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Cantata BWV 3
Ach Gott, wie manches Herzeleid [I]
Commentary

Albert Schweitzer | Woldamar Voigt | Friedrich Smend | Alfred Dürr

 

Thomas Braatz wrote (January 24, 2003):
Schweitzer:

Mvt. 1:
“In the 1st chorus of this work the cantus firmus is in the bass – an unusual position. In the sorrowful orchestral accompaniment we hear with especial clearness the sighs of the 1st violins – [Example given] The march-like character given to the mvt. by the remaining strings and the orchestral basses has been suggested to Bach by the text, which speaks of the narrow and calamitous way that leads to heaven.”

Mvt. 2:
“In the recitative with chorale,…the stubborn basso continuo symbolizes the word “zwingen” [“to force”].

Mvt. 5:
“The joyous duet….”


Voigt:

Mvt. 1:
The opening mvt. is very charming and appealing. Continually appearing in each ritornello, the singing melodies played by the woodwinds are particularly beautiful due to their intimate expression. This mvt. is also significant because the cantus firmus is in the bass. Particularly charming is the moment at the end of the choral section when the sopranos reach all the way to a high ‘a’ while singing “zum Himmel” [“toward Heaven.”]
The important melodic part of the oboes can be supported by clarinets.

Mvt. 2:
This section is best performed using a much reduced choir. As accompaniment use the organ or the string orchestra. Change the phrase in the final recitative section to “drum schmecket auch”.

Mvt. 3:
The text of the bass aria is hardly very pleasant and the music seems to treat rather superficially the contrast of “Höllenpein” and “Freudenhimmel

Mvt. 5
This duet is not a first class work, but the middle section alone makes this mvt. worth performing. Some cuts can be made in this mvt. (they are listed.)


Smend:

Mvt. 1:
The instrumentation is rather modest. This is a pure example of a chorale fantasia. Constructed completely independently around the chorale melody sung by the basses and supported by the instrumental bc including organ and the trombone, the remaining orchestra (oboi d’amore and upper strings) presents painfully poignant thematic material that permeates the entire mvt. from beginning to end.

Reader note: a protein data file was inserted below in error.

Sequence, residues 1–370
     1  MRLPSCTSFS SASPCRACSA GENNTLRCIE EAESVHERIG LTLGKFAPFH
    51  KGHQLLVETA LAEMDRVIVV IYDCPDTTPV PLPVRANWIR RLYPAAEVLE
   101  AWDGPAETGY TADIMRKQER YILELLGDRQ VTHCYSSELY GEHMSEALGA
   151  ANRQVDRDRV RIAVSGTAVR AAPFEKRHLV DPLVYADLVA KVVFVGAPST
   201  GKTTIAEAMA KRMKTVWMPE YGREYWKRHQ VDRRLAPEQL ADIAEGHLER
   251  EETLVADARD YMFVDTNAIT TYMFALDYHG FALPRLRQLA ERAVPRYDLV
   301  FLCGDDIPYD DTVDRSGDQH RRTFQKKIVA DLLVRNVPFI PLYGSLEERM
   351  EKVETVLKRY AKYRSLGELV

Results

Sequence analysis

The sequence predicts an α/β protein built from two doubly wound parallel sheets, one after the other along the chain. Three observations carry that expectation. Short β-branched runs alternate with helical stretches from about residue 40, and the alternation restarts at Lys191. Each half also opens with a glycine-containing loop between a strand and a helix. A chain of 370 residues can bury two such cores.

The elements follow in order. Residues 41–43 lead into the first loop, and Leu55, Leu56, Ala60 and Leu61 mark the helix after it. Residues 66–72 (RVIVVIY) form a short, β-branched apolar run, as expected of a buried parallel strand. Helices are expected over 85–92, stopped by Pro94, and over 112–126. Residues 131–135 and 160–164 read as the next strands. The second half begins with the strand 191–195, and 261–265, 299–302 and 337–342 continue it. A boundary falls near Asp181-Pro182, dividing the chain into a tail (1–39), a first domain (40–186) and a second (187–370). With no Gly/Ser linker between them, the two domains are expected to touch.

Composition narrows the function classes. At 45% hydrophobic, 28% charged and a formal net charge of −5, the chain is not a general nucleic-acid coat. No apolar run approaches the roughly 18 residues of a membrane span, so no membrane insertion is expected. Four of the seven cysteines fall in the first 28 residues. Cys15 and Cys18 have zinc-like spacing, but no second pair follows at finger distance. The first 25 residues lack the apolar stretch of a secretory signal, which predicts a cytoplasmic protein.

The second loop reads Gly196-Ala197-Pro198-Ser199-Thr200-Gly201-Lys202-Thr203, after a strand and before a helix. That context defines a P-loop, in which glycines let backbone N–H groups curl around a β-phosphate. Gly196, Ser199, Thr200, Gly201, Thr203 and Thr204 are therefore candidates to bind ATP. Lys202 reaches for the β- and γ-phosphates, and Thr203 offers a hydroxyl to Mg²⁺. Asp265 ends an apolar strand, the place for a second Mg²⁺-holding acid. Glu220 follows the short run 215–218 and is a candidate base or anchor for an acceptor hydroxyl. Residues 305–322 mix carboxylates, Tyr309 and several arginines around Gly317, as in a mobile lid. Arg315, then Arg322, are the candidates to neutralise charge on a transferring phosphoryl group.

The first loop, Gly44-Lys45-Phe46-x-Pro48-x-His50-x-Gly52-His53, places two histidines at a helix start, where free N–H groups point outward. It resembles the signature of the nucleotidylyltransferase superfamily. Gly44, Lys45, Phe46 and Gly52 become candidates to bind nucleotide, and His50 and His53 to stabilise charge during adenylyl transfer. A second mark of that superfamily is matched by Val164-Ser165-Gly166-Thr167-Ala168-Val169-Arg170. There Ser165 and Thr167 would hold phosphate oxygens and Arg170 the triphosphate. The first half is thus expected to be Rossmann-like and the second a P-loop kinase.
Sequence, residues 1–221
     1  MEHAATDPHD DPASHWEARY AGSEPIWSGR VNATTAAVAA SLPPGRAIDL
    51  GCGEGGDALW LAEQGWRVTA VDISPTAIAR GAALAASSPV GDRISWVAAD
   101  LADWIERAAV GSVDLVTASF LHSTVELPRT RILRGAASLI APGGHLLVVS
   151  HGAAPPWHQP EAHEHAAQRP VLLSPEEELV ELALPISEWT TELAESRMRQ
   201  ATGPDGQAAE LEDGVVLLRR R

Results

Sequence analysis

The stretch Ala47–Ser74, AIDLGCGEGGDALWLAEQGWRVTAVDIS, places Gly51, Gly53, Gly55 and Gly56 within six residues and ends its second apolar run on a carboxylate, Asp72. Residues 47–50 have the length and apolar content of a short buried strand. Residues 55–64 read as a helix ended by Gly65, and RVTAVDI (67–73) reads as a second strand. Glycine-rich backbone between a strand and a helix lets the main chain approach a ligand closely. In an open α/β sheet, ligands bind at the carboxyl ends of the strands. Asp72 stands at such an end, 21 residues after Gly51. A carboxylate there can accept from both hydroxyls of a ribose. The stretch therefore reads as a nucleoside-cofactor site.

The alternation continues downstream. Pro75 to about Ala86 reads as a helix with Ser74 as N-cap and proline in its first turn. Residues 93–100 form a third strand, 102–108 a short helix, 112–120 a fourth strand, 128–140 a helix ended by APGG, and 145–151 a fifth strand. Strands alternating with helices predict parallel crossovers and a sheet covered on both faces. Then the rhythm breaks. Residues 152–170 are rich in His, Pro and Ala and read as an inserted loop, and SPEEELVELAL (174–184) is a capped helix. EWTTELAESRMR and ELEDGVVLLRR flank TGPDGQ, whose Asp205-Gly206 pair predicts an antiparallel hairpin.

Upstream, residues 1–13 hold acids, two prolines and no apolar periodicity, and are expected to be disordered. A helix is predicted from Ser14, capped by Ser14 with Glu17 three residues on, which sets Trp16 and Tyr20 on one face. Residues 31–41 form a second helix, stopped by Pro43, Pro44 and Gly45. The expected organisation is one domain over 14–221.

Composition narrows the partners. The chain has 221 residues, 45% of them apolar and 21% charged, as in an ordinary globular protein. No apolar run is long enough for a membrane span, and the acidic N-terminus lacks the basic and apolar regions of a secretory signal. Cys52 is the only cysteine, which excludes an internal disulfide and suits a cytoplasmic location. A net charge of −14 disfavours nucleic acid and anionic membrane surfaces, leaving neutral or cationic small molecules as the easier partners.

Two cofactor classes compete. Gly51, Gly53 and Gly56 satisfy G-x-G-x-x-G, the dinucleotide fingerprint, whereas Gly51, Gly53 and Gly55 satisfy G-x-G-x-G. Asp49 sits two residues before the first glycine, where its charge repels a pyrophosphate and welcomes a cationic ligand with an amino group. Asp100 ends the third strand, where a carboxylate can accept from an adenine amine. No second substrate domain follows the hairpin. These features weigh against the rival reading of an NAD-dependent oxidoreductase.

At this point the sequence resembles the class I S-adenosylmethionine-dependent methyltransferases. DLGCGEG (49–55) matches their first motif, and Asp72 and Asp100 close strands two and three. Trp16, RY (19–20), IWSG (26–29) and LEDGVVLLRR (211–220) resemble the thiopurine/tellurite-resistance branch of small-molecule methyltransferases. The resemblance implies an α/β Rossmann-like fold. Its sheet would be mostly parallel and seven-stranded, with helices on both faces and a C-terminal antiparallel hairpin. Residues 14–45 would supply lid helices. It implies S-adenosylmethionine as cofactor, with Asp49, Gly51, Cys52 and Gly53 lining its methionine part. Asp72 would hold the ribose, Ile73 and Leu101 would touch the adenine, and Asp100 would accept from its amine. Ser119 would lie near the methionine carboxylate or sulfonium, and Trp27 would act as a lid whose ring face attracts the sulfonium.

Mvt. 2:
This has a plain 4-pt chorale interrupted by recitatives where all voices make an appearance and the bc presents the 1st phrase of the chorale in diminution.

Mvt. 3:
Here there is a contrast between “Höllenangst”/“Pein” [“Hell’s anguish and pain”] and the pure joys of heaven that can already be experienced by those who call upon Jesus.

Mvt. 5:
This mvt. expresses the idea that the assistance of Jesus will help, when believing in Him, in carrying the cross. This is, in reality, a quartet consisting of the upper instruments (oboi d’amore, violins), the two voice parts and the bc. It expresses joyful praise despite the worries that continue to plague us.

Mvt. 6:
The final chorale combines the request to maintain ones belief with the yearning cry: ”O mein Heiland, wär ich bei dir” [“O my savior, if only I were with you.”]


Dürr:

Mvt. 1:
This is an emotional lament. The leading melody is presented in very expressively broad melodic phrases as a concertante duet by 2 oboi d’amore in the opening instrumental ritornello. The strings have a subordinate accompanying role. The 1st violin assumes a dominating role among the string players by playing many ‘sigh-like’ figures, while the other strings supply chord-like, contrapuntal progressions. The melodic scaffold upon which the material presented by the oboi d’amore is based consists of a chromatically descending scale. The accompanying voices (Sopran, Alto, Tenor) derive their material from that presented by the oboi d’amore. Combining all these elements skillfully, Bach achieves a monumental lament created as a unified whole.

Mvt. 2:
The ostinato bass figure, developed from the 1st line of the chorale, serves as a unifying element for the disparate elements: segments of chorale with interrupting recitatives.

Mvt. 3:
This aria, accompanied only by a bc. and in a way similar to Mvt. 1., also has chromaticism throughout. Each vocal section represents one of the two contrasting pairs of ideas from the text: 1. “Höllenangst und Angst” [“hell’s anguish/fear”] – “Freudenhimmel” [“heavenly joy”] 2. “Schmerzen [“pains/sorrows”] – “leichter Nebel” [“a light fog/mist.”] The melodic structure contrasts in each section a syllabic, expansive, chromatically dominated beginning followed by a melismatic, figurative, diatonic conclusion.

Mvt. 5:
The obbligato voice for the vocal duet is provided by the oboes and violins. Once again, the effort at a unified thematic structure becomes apparent: in the introductory instrumental ritornello, the bc develops highly characteristic complementary figures of a contrapuntal type, figures that can perhaps be interpreted as those representing the “Cross” that is hinted at in the middle section: “Mein Kreuz hilft Jesus tragen” [“Jesus helps me bear my cross.”] This material is then imitated by the voices.

Mvt. 6:
A simple 4-pt. chorale concludes this cantata which is impressive because Bach’s inventive genius is very apparent here.

 

Cantata BWV 3: Details & Complete Recordings | Recordings of Individual Movements | Discussions: Part 1 | Part 2 | Part 3 | Part 4

Commentaries: Main Page | Cantatas BWV 1-50 | Cantatas BWV 51-100 | Cantatas BWV 101-150 | Cantatas BWV 151-200 | Cantatas BWV 201-224 | Other Vocal Works BWV 225-524 | Sources

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Last update: ýOctober 3, 2011 ý08:12:54